The International Monetary Fund, or IMF, has warned the United Kingdom’s Chancellor of the Exchequer Jeremy Hunt against cutting taxes in his spring budget, which is to be unveiled on March 6, saying public spending should be a bigger priority.

The budget is always delivered in March, but this is the earliest date in the month that has been picked in the 14 years that the Conservative Party has been in power, a choice that has fueled speculation that British Prime Minister Rishi Sunak may call a general election earlier in the year than previously suggested.

The IMF’s latest global economic outlook says the world economy is “(beginning) the final descent toward a soft landing, with inflation declining steadily and growth holding up”, but, as more turbulence may lie ahead, caution is still urged.

“Preserving high-quality public services and undertaking critical public investments to boost growth and achieve the net-zero targets, will imply higher spending needs over the medium term than are currently reflected in the (UK) government’s budget plans,” said an IMF spokesperson. “Accommodating these needs, while assuredly stabilizing the debt/GDP ratio, will already require generating additional high-quality fiscal savings, including on the tax side.”

But Hunt disagreed, saying: “It is too early to know whether further reductions in tax will be affordable in the budget, but we continue to believe that smart tax reductions can make a big difference in boosting growth.”

In January, Hunt told ITV News: “I would like to reduce the tax burden, because I look at the numbers around the world, I see that places like America that have lower taxes, have more dynamic economies and grow faster. And that’s what I would like us to be.”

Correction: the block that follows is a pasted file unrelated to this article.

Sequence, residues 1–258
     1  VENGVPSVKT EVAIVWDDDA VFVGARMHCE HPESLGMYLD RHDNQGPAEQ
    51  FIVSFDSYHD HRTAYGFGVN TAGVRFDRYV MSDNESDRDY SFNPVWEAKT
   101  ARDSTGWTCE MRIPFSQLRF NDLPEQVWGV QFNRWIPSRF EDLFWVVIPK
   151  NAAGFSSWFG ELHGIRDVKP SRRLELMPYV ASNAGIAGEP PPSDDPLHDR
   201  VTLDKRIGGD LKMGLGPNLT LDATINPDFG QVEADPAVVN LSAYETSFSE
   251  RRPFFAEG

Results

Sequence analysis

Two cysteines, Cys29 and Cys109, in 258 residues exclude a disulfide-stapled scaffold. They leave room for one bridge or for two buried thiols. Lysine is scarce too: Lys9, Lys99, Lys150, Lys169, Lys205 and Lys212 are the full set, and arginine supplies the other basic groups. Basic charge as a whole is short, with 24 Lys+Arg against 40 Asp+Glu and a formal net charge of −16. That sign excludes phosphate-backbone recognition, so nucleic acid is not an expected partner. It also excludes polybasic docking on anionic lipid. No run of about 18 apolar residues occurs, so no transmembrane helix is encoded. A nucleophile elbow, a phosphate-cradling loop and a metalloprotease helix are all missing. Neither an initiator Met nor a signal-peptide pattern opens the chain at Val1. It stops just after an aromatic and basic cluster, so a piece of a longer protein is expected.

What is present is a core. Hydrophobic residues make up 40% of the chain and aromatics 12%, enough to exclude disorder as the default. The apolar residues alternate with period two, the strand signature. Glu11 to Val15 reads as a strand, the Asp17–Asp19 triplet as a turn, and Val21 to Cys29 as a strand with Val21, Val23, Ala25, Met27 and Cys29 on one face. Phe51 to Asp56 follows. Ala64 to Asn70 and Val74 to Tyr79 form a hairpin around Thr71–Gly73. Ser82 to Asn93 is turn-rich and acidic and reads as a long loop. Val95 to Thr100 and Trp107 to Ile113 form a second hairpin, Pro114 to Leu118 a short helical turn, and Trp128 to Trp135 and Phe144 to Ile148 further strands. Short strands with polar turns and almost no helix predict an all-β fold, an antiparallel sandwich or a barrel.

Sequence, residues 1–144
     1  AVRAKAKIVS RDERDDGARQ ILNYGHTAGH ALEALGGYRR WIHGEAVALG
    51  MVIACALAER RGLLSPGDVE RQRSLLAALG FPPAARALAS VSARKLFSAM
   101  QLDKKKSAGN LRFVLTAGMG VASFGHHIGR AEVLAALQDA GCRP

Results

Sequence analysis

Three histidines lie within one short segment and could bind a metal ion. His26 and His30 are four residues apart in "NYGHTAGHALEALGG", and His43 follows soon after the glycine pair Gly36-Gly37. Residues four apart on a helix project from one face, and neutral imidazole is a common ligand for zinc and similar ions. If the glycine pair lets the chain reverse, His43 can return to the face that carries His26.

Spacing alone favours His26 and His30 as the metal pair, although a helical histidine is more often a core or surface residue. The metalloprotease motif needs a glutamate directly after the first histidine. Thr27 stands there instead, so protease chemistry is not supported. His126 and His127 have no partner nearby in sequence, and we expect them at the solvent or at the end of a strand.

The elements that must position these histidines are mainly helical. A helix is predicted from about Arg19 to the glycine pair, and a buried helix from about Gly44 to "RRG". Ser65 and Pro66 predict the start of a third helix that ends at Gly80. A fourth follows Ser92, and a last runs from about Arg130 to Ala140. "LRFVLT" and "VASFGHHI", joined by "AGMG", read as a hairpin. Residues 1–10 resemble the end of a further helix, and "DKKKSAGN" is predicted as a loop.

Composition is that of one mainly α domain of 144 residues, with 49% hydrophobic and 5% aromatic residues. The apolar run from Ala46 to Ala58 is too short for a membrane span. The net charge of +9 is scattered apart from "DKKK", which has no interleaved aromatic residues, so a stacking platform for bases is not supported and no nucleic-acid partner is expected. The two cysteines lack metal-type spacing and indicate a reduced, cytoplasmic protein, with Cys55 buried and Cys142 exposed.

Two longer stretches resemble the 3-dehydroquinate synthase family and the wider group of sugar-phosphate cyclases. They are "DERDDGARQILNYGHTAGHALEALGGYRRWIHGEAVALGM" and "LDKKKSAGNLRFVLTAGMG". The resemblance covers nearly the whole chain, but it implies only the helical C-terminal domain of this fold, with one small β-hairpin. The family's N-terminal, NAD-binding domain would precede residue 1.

However, The Times newspaper reports that Hunt has told Cabinet colleagues “major structural weaknesses” in the economy mean any cuts will have to be smaller than those announced in his fall statement, which included a national insurance contribution reduction that has just come into effect.

“We are not likely to have as much room for tax cuts as we had in the autumn,” he reportedly said.

In November, despite those announced national insurance cuts, the Office for Budget Responsibility said the UK still faces the biggest fall in real living standards since records began in the 1950s, and that in 2024/25, they were forecast to still be 3.5 percent lower than pre-pandemic levels.

Unexpectedly high levels of growth in 2023 in several major economies, including China, were one of the reasons the IMF revised its growth estimates for the year ahead, with its chief, Pierre-Olivier Gourinchas, observing that “the clouds are beginning to part”.

The comments came at the same time as the IMF predicted the UK economy will expand by just 0.6 percent in 2024, only a marginal increase on last year’s 0.5 percent and the second-slowest among G7 members, behind Germany.